U.S. Team Wrestles with Expectations
Jul. 09, 1996
It is tough enough taking on Russia, Turkey, Iran and Cuba in a sport those nations have long dominated internationally. Now the United States Olympic wrestling team finds itself headlocked by high expectations.
The 1992 U.S. freestyle team won three gold medals, two silvers and a bronze, and anything less on home soil in Atlanta would be a disappointment.
The problem is, such high hopes probably aren't realistic for a team that has been deeply divided since the shooting death of former Olympic champion Dave Schultz in January. For years, U.S. amateur wrestling subsisted largely on the money provided by John E. du Pont, the eccentric millionaire charged in Schultz's shooting.
As a result, the U.S. team is split between those who still receive money from du Pont and the wrestlers who despise any mention of the man's name. USA Wrestling and the USOC granted funds to those who no longer receive du Pont's aid, but 16 international-class wrestlers still do.
It is a potential problem that U.S. freestyle coach Joe Seay must solve as the team practices together in Phoenix before heading to Atlanta.
``I still get very sad when I think I'll be in Atlanta but Dave won't,'' said Kurt Angle, the U.S. 220-pounder and reigning world champion.
The United States has won 41 freestyle gold medals, but many came before the former Soviet Union's 30-year domination of the sport. The USSR won every world championship from 1962-92.
The Soviet powerhouse has since splintered into teams representing Russia and the USSR's former republics. And, despite the Soviet breakup, the United States has still not regained its stature as a world wrestling superpower.
``We have some strong points, but some of our guys don't have much experience,'' said Kenny Monday, a three-time Olympian at 163 pounds.
As usual, the U.S. team begins with super heavyweight Bruce Baumgartner, the two-time Olympic champion who could become only the fifth American and the first wrestler to medal in four Olympics.
Seay's problem is to make sure the U.S. team's success doesn't end with him, too.
Of the 10 freestyle team members, only Baumgartner and Monday (one gold, one silver) own Olympic medals. Only two others, Townsend Saunders (149 1/2 pounds) and Kendall Cross (125 1/2 pounds) even possess Olympic experience.
Coming off its most successful world championships since the Soviet breakup, the American team figured to be deeper and more experienced. But Cross, a 1992 Olympian, and 180 1/2-pounder Les Gutches each upset reigning world champions in the U.S. trials.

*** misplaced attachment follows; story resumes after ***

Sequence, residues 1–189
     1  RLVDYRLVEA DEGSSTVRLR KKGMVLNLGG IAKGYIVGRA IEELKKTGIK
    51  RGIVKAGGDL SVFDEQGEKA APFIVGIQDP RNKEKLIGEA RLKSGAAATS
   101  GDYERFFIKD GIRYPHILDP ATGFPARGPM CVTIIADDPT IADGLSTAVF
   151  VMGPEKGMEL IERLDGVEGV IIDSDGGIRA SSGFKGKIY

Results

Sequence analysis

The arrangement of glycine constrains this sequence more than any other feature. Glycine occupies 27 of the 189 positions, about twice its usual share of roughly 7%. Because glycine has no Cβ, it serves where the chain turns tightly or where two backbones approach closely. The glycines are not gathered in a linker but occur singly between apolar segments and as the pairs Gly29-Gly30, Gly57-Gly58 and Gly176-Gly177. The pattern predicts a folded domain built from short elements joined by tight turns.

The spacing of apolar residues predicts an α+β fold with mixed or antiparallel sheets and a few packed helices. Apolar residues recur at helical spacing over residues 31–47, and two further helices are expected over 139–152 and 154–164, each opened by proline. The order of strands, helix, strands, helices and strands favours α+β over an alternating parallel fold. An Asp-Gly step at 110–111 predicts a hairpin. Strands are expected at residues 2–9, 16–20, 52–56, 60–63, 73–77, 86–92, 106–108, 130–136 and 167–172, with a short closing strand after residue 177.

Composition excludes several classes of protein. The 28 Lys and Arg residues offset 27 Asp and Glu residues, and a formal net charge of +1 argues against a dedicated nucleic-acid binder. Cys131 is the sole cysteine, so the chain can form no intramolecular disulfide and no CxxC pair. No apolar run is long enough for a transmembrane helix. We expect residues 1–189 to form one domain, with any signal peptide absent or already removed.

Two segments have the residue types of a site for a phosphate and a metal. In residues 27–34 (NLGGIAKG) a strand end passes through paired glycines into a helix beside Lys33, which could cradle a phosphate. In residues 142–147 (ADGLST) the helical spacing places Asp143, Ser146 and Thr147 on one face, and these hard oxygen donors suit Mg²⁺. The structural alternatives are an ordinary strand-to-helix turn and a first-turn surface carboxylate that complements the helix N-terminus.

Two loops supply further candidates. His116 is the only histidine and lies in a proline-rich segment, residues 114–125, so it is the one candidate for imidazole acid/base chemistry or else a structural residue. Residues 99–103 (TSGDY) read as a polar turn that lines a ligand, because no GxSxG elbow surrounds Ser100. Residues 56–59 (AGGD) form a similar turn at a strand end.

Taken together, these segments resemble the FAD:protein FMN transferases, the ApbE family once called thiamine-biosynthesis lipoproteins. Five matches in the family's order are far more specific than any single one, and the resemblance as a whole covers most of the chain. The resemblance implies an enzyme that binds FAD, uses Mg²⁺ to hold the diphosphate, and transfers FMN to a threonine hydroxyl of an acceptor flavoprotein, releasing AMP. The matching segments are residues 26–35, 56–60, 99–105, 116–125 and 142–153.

Two-time world champion Terry Brands lost to Cross. Gutches knocked off 1992 Olympic champion Kenny Jackson, a reigning world champion.
``I think we have an excellent team,'' Seay said. ``When you have two world champions fail to make the team, you know it's deep.''
Deep, but also unpredictable.
Gutches, 23, owns no international medals. With a style that relies more on strength than technique, he could have a difficult time against experienced 180 1/2-pound wrestlers such as former world champions Lukman Jabrailov of Moldova, Sebahattin Oztruk of Turkey and Elmadi Jabrailov of Kazakhstan.
Baumgartner has long been the dominant wrestler in his class and hasn't lost to an American in 15 years. But super heavyweights score so infrequently _ most matches are decided in overtime _ that one careless mistake or misjudgment can decide a medal.
Baumgartner has beaten all of his top competitors, but most have beaten him, too.
At 114 1/2 pounds, Lou Rosselli is a decided longshot at a weight dominated by seven-time world champion Valentin Jordanov of Bulgaria. Jordanov has won the last three world championships, but has never finished higher than third in the Olympics.
Angle, a two-time NCAA heavyweight champion at Clarion University who won the first world championships he entered last year, is a possible medalist at 220 pounds.
``It's the biggest tournament of my life,'' Angle said.
Tom Brands, the twin brother of Terry, is the U.S. successor at 136 1/2 pounds to John Smith, who won six consecutive world or Olympic titles from 1987-92. His combative, straight-on style can be a liability against wrestlers just as strong but more technically skilled.
At 198 pounds, American Melvin Douglas is a former world champion, but competes in perhaps the toughest class. Makharbek Khadartsev of Russia is a seven-time world champion and two-time Olympic champion, but lost in the last two world finals to Rasul Khadem of Iran.
The U.S. hasn't won an Olympics medal at 114 1/2 pounds since Bobby Weaver took a gold in 1984, and Rob Eiter finished seventh in last year's world championships.
Freestyle wrestling is the better known of the two Olympic wrestling disciplines and closely resembles American high school and college wrestling. The U.S. has only two gold medals in Greco-Roman wrestling, which bars holds below the waist.
The former Soviet Union excelled in Greco-Roman, winning 208 medals in a format that features throwing, body slams and flurries of scoring. Super heavyweight Alexander Karelin of Russia may be the best Greco-Roman wrestler of all time.
Dennis Hall's gold medal at 125 1/2 pounds in last year's world championships, only the second won by an American, encouraged U.S. Greco-Roman coach Rob Hermann to set a goal of six Olympic medals.
``We want to set our goals high,'' he said. ``This is the Olympics, in our country. The fans are going to be behind us.''